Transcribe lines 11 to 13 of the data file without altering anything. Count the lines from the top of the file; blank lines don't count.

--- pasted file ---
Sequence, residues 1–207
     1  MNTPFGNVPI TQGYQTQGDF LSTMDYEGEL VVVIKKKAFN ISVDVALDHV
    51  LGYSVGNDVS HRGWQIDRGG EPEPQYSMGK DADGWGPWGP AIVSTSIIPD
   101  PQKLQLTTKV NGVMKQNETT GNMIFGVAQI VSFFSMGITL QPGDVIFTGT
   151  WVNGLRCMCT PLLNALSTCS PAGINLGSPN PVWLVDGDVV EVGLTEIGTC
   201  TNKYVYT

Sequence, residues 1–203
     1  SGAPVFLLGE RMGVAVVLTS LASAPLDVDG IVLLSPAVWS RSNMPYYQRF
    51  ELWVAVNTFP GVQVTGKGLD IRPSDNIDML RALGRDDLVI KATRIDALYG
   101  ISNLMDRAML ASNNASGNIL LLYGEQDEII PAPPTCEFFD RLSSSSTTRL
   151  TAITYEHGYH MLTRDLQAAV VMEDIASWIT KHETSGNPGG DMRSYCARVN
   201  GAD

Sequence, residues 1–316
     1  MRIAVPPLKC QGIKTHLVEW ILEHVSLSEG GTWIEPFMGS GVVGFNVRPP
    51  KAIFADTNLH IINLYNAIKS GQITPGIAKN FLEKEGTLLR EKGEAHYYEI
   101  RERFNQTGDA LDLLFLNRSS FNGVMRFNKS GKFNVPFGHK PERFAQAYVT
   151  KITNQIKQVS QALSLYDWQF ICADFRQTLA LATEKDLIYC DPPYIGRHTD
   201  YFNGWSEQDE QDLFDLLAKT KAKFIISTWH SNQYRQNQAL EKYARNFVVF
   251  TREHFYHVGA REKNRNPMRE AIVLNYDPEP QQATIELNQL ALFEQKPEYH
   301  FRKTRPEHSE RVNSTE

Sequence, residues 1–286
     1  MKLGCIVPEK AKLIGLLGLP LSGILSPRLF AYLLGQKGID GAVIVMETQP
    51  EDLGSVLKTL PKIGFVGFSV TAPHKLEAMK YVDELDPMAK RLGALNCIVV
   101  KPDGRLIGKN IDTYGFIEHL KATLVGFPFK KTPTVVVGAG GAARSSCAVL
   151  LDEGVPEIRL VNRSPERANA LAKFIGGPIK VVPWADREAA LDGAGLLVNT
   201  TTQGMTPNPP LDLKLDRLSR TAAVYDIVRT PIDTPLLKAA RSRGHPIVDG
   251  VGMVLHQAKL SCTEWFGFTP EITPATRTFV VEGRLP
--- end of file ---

   151  TAITYEHGYH MLTRDLQAAV VMEDIASWIT KHETSGNPGG DMRSYCARVN
   201  GAD

Sequence, residues 1–316